10 Focus of Traffic Policing The Fatal 4 –Speeding –Drink driving –Fatigue – driving while tired –Non-use of Seatbelts

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12 CRICOS No J Percentage of fatalities involving speeding drivers/riders in Queensland: 12 months ending January Year % Queensland Department of Transport and Main Roads, 2011

13 Percentage of speeding infringements per penalty category, Queensland Km/hour above the speed limit % of infringements Queensland Transport, 2008

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15 Speeding offenders... Are they all the same? Does increasing penalties make any difference? What else do they do? How do they perceive current penalties? What might best change their driving behaviour?

16 Background to recidivism research project  In April 2003, Queensland introduced changes to the speeding penalty regime: –Increased monetary fines –Automatic licence suspension for high range speeding (for >40 km/h over the speed limit) –Increased the number of offence bands/categories  The stated rationale for this change was to deter speeding behaviour

17 Speeding penalty changes Speeding offences and penalties in Qld prior to 17 April, 2003 Speeding offences and penalties in Qld from 17 April, 2003 OffenceFineDemerit Points <15 km/hr over speed limit$ km/hr over speed limit$ km/hr over speed limit$1804 >44 km/hr over speed limit$2556 OffenceFineDemerit Points <13 km/hr over speed limit$ km/hr over speed limit$ km/hr over speed limit$ km/hr over speed limit$3006 >40 km/hr over speed limit$ months suspension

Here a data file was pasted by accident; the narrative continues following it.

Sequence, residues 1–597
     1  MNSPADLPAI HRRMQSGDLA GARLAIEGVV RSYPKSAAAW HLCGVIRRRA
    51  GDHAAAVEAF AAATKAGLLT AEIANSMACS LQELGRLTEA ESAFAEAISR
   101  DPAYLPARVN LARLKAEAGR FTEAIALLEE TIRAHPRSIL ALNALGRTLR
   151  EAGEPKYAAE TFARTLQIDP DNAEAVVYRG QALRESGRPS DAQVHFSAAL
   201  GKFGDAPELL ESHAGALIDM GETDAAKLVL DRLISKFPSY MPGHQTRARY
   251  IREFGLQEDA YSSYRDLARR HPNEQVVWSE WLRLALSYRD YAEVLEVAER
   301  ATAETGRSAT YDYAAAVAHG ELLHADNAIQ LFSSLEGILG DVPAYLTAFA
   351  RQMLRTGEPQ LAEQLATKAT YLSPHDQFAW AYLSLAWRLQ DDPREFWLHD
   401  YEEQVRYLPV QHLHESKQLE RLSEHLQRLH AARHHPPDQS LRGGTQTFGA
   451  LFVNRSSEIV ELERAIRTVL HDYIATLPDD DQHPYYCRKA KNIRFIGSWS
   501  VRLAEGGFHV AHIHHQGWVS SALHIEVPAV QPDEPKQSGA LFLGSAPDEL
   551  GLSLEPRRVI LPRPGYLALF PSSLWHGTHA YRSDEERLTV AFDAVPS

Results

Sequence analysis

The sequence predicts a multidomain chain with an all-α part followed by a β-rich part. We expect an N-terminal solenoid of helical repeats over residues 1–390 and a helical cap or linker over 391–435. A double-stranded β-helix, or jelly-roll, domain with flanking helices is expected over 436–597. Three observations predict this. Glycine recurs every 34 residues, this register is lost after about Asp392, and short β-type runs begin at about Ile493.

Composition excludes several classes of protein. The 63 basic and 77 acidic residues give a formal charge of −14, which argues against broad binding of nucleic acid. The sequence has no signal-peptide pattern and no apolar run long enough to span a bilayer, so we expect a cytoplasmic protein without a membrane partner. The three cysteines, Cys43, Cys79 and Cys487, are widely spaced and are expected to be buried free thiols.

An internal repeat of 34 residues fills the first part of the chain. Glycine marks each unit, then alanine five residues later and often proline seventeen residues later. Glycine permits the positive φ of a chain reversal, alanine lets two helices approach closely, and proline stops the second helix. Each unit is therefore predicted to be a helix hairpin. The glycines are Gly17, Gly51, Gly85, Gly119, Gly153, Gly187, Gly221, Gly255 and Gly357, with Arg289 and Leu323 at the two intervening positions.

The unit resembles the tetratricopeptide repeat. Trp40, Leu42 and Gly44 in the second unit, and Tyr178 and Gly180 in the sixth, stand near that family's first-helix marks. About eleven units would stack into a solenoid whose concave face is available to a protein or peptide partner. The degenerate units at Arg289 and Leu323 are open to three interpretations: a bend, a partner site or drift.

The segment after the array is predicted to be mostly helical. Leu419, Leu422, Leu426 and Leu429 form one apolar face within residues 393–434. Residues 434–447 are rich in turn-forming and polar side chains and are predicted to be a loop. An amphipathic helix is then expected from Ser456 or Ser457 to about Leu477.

18 The effectiveness of increases in speeding penalties  Limited international research into effectiveness of different speeding penalties  Increasing speeding penalties severity (in isolation) has been found to produce very few impacts on behaviour in Sweden (1982 & 1987) and Norway ( )  Need to consider impact of speeding penalties in: –deterring the general population from speeding (general deterrence) –reducing recidivism among offenders (specific deterrence) Watson et al. 2010

19 Speeding recidivism research  Our research aimed to:  examine the specific deterrent impact of the changes  profile speeding offenders/recidivists

20 Method (1)  Crash and offence data from 1996 to 2007 obtained for two cohorts of drivers:  58,000 drivers convicted of speeding in May 2001  53,000 drivers convicted of speeding in May 2003  Data obtained included details of: –index offence –previous and subsequent traffic crashes and offences –demographic characteristics –licence type and class

21 Method (2)  Final sample for current analyses excluded interstate and international licence holders: –2001 pre-penalty change cohort (n = 46,681) –2003 post-penalty change cohort (n = 42,180)  Speeding offence records for two years after the index offence were examined  Distinction between:  Absolute specific deterrence – the total prevention of re-offending  Marginal specific deterrence – a reduction in re-offending